Edible Plants

Chamomile (German Chamomile)

Matricaria recutita

To support our efforts please visit our store (books, magazine subscription, teas).


Chamomile is definitely one of the most popular wild medicinal plants that can be eaten. The two main types of chamomile are the more popular German chamomile and Roman chamomile (Chamaemelum nobile). Although they belong to different species, they are used to treat the same health ailments in herbal pharmacy. Both are used to calm frayed nerves, help in soothing various stomach problems, reduce muscle spasms, and to treat several skin conditions. German chamomile grows in many countries.

Fields of NutritionFields of Nutrition has medicinal benefits and vitamin/mineral content of Chamomile (click here).

Distinguishing Features: Chamomile is an annual wild edible. Easily recognized by the tiny daisy-like flowers (measuring no more than 2.5 centimetres wide), one German chamomile flower grows on a solitary stem.

Flowers: Chamomile flowers resemble the daisy with white petals circling a cone-shaped yellow centre. Depending on conditions, chamomile flowers bloom between May and October.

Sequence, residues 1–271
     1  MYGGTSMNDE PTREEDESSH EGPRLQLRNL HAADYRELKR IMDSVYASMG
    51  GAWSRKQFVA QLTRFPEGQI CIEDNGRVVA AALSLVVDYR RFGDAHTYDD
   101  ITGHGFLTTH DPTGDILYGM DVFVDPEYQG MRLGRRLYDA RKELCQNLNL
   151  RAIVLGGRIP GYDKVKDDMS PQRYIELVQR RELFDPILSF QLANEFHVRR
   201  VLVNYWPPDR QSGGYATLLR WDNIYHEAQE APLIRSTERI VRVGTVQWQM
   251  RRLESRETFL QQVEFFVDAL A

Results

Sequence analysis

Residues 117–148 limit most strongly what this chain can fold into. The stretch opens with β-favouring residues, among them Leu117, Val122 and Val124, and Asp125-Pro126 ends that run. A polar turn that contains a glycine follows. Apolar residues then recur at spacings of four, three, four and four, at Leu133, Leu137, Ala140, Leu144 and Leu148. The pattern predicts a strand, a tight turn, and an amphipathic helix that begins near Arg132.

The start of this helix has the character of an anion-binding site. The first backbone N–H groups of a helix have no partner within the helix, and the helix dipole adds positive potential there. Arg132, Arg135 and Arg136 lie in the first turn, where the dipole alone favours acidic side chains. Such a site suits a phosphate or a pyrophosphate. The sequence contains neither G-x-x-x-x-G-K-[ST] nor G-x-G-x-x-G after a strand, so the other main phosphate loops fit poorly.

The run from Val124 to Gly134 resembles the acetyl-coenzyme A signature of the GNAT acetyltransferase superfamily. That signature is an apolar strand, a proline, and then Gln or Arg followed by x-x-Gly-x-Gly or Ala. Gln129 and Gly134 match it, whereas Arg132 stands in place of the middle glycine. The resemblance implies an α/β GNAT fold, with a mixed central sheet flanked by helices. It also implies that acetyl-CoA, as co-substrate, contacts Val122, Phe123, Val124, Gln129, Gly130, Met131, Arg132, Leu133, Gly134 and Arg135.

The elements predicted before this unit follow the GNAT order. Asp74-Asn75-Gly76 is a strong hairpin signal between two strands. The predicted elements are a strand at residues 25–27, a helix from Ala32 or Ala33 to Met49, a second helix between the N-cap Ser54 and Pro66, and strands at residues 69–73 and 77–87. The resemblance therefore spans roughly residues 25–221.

Leaves: German chamomile leaves are fern-like light green and feathery whereas Roman chamomile has finely divided parsley-like leaves that are thicker and flatter than German chamomile.

Height: Chamomile, depending on conditions, can grow to anywhere from 60 centimetres to 1 metre tall.

Habitat: German chamomile does well in poor, clay soil whereas its close cousin, the Roman chamomile prefers well-drained and moderately fertile soil. Although both chamomiles thrive in open, sunny locations, Roman chamomile will not tolerate hot, dry weather. German chamomile will also grow in lightly-shaded areas.

Edible parts: The chamomile leaves and flowers are edible and they differ in taste. Chamomile flowers have a slight apple taste. Both can be tossed into a salad or a mug to make fresh chamomile herbal tea.

Similar plants: Roman Chamomile.


About Us | Sitemap

All information, blogs and web content contained in this website is Copyright © EdibleWildFood.com 2011. All photography, unless otherwise stated was taken by Karen Stephenson. All photographs are Copyright © EdibleWildFood.com 2011.